16 May THE STAMP OF APPROVAL? 5 COMMON MISTAKES OF NOTARIES
Although you might think something as simple as the act of notarization would rarely result in a problem, careless errors are frequently made. The following are some of the errors we have recently seen or other common errors in connection with notarization:
- Failure to require personal appearance. Although during the pandemic the governor has issued a temporary order permitting audio-video notarization of Wills, financial powers of attorney, medical powers of attorney, directives to physicians (living wills), and oaths of executors, administrators and guardians and although Texas does permit online notarization with stricter requirements (even if there was no pandemic), normally the person signing a document must be present at the time of the notarial act. The notary can have liability if they ignore the personal appearance requirement.
- Incomplete acts. This week we noticed a notary failed to either date the document (a deed) or to write the signer’s name into the notarial certificate. Sometimes notaries fail to write or even sign their own name. As a result, if the document had been sent for recording (we requested the client to re-sign the document before the notary and requested the notary be more careful), it would likely be returned by the county clerk as “incomplete”.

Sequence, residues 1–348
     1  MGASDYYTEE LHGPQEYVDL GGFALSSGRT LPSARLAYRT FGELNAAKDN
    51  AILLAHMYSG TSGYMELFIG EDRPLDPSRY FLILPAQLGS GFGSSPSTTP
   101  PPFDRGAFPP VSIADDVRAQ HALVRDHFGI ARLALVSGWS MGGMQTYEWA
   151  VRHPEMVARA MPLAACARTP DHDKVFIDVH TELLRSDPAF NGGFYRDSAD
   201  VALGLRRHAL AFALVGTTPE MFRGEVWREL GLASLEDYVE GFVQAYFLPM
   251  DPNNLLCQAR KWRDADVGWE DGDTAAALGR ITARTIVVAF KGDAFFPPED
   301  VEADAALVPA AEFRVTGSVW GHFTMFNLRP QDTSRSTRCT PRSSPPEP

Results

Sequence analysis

- Failure to get signer’s ID. Laws of states often require the signer to provide photo identification (i.e., driver’s license, passport, Texas identification card, etc.) as well as sign the notary public book. A failure to do so could result in a fact issue if there is subsequent litigation. For example, if there is a Will contest, a litigator might review the notary book to see if the necessary formalities were fulfilled.
- Using the wrong seal. Sometimes the notary, by error or mistake, uses an out of date seal or even a seal for another state. This week we saw a Last Will and Testament signed by a Kansas resident (who recently resided and died in Texas), but the notary used a Missouri notarial seal. As a result, we will likely need to find one of the witnesses and either fly them to Texas for a probate hearing or take a deposition of the witness simply due to the Missouri attorney’s failure to be detailed. There is no reciprocity between Missouri and Kansas for notarial acts. Thus, although the Will may be valid, testimony will be needed by one of the witnesses or the notary to confirm it met the requirements of Kansas law. This would have been avoided if the notary was licensed in Kansas and used a Kansas notarial seal.
- Performing wrong notarial act. Some documents (like a deed) only need to be acknowledged whereas other documents need to be “sworn to” (like a Will). If you do the wrong act, it could result in a legal challenge. So, for example, if the notary only acknowledges a testator signed a Will, the judge will likely require a witness to testify for the Will to be determined valid resulting in unnecessary delay and costs.
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